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What Role did Hitler Play in the Development of the Nazi Totalitarian State 1933 – 45?. The decline of the cabinet government.
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Since Germany had become a republic, it had been traditional to run the country by cabinet government. In a cabinet government a decision is made after all members have discussed an issue. All members of the cabinet are then expected to accept the decision.
During Hitler’s first year in office, Hitler ran the country with the cabinet, which included many non-Nazis. However, over the next two years Hitler worked to remove from the cabinet all those who were not Nazis, and the cabinet was called less often to help make decisions. The cabinet met for the last time in February 1938.
The Reich Chancellery took over the role of the cabinet. Its key role was to draw up legislation. Lammers, head of the Reich Chancellery, was extremely important, as he controlled the flow of information to Hitler.
Führer The undisputed leader of the party.
Reichsleitung The Führer’s closest advisers, e.g. party treasurer and the Führer’s deputy.
Landesinspekteur Regional inspectors; there were originally 9, but they were later replaced by the Gauleiter.
Gauleiter 36 leaders of districts, such as Saxony. The number grew as more areas were included.
Kreisleiter Equivalent to a rural council.
Ortsgruppenleiter Leaders responsible for a town.
Zellenleiter Responsible for a neighbourhood or employment unit.
What do you notice about the organization of the party?
From 1934, Hitler began to give more power to other members within the party. In 1934 the Führer’s deputy, Rudolf Hess, was given power to supervise new laws. In 1935 he was given a say in new appointments.
Hess and his Chief of Staff, Martin Bormann, set up an organisation to rival the Reich Chancellery. It ran party affairs and managed party-state relations. It meant that by 1937 all state officials were directly responsible to Hitler and civil servants had to be party members.
Bormann became the Führer’s Secretary in 1943. This further strengthened state-party relations, as most people had to go through Bormann to see Hitler. This meant the party now had a greater influence than the civil service.
“In order to keep their jobs many men felt forced to join the Party, whether they sympathized with its aims or not … whole professions, such as school teachers and … all government employees … were forced to join or resign. In many of the professions, such as law or journalism, membership of the appropriate Nazi Party professional organisation was essential. Thus a friend of mine, a lawyer and at all times a convinced anti-Nazi, maintains that he deliberately joined the Party because only thus was he able to defend anti-Nazis in court…” C Fitzgibbon, 1969.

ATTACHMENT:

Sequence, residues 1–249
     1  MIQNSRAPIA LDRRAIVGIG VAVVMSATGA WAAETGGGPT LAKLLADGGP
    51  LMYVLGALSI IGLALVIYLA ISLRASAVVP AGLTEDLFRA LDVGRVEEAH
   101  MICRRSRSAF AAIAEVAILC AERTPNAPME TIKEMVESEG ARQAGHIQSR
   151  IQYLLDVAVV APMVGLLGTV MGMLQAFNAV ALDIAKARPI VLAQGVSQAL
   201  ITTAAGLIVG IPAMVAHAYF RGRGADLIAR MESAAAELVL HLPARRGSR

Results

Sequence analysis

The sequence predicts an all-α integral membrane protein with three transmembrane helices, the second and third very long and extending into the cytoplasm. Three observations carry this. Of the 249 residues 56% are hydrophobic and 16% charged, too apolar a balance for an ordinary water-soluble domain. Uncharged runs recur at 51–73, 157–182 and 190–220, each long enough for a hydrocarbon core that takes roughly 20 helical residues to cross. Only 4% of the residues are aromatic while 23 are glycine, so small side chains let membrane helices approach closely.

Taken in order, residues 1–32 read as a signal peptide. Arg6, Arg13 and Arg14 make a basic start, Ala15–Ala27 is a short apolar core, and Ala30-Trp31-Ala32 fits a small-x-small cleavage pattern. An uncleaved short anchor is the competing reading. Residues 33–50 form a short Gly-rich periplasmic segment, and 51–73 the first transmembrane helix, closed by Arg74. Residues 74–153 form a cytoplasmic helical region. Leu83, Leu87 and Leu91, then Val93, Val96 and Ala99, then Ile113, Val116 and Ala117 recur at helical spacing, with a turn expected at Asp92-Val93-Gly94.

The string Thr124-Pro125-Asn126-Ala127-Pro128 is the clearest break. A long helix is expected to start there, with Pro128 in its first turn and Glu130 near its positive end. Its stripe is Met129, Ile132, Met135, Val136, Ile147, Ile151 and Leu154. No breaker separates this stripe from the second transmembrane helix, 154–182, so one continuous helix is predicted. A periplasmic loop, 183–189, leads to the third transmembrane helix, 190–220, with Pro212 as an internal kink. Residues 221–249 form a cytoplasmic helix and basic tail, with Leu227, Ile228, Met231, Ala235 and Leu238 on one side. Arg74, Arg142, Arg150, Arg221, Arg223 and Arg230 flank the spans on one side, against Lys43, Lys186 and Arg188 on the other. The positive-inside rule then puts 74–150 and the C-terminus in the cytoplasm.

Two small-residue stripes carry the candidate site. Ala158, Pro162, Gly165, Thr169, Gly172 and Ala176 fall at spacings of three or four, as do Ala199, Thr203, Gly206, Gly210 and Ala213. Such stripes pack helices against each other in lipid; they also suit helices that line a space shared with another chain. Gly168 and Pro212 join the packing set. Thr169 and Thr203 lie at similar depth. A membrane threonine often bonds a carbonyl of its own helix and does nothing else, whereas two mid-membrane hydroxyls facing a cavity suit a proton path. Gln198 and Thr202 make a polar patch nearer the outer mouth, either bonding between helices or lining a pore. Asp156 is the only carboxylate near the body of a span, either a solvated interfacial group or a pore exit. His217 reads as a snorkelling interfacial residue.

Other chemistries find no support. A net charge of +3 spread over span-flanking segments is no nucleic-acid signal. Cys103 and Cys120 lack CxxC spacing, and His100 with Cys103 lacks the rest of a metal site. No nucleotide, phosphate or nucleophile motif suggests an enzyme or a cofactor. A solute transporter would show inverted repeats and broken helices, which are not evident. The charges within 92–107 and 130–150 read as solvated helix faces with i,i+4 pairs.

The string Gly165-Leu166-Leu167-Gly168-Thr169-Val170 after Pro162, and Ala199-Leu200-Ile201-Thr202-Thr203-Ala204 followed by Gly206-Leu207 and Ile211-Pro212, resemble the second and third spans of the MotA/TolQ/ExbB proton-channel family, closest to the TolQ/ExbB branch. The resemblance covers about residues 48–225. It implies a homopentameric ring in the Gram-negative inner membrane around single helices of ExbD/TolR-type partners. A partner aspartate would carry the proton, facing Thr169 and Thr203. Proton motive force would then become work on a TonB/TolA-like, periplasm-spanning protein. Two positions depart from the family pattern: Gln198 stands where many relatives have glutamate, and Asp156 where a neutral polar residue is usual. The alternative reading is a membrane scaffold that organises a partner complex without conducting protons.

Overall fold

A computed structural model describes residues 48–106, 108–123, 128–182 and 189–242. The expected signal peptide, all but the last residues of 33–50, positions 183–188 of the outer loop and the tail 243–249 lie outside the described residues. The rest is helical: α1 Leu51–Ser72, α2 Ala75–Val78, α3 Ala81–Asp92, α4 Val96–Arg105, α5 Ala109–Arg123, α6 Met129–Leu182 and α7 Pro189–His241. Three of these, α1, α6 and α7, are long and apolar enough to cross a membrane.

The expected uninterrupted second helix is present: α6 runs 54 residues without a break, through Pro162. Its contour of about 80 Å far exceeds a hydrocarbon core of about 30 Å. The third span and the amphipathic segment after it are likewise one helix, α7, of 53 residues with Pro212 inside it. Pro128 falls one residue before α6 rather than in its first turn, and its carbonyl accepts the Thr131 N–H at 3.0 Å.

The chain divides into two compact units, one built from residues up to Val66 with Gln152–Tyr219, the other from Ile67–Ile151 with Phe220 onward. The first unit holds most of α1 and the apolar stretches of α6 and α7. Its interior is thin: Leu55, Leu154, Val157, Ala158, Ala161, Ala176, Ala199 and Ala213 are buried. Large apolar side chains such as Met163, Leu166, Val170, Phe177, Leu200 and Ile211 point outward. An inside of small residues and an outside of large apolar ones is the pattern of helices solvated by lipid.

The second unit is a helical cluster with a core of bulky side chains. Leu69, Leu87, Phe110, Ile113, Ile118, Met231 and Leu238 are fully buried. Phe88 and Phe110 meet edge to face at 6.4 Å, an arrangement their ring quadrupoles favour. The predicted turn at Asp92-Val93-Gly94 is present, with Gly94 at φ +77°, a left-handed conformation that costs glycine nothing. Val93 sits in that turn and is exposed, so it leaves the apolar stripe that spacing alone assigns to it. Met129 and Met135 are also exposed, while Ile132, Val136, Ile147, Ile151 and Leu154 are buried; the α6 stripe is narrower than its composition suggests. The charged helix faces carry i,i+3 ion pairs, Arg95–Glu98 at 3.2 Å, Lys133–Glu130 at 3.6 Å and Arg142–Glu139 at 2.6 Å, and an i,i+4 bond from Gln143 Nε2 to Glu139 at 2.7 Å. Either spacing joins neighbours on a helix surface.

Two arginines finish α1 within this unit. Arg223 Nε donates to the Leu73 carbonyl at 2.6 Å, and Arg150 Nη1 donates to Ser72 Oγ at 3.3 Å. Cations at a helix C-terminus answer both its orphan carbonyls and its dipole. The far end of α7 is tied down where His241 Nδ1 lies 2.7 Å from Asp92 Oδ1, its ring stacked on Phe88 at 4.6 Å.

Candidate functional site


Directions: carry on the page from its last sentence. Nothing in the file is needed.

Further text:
What does this tell you about life in Nazi Germany?
How great was Nazi control of people’s lives?
The key aim of the police in Nazi Germany was to arrest people before they committed crimes.
Why do you think they did this?
Why were they allowed to do this?
All local police forces had to draw up lists of potential ‘enemies of the state” and give them to the Gestapo (the secret police). The Gestapo, as a branch of the SS, were basically allowed to do what they wanted.
What do you think the Gestapo did with these lists of names? Why do you think that no one stood up to them when they took people away?
Another branch of the SS (the Death Head Units) ran the concentration camps. Their uniforms had a skull and crossbones badge.
Read the source on the next slide which is by a former prisoner.
Make a list of the kinds of people who were likely to be listed as ‘enemies of the state’.
What does this tell you about how complete Nazi power was?
“After the ‘political’, the category of the so-called ‘work-shy’ is the largest … An example. A business employee lost his position and applied for unemployment relief. One fine day he was informed by the Labour Exchange that he could obtain employment as a navvy on the new motor roads. This man, who was looking for a commercial post, turned down the offer. The Labour Exchange then reported him to the Gestapo as being ‘work-shy’ … The fourth category consisted of the homosexuals…”
Hitler had three main foreign policy aims:
Explain why Germans would like these policies.
Hitler had only been in power for a year when he issued his first orders to expand the armed forces. He planned for the army to treble from 100,000 to 300,000, the navy to build six submarines and two ‘pocket battleships’; and Göring was given the task of forming an air force and training them secretly in civilian air clubs.
Why were these initial orders so secret? (think of Versailles).
What do you think the reactions of Germany’s neighbours were to this announcement?
Why did Hitler now feel he could cast off the veil of secrecy?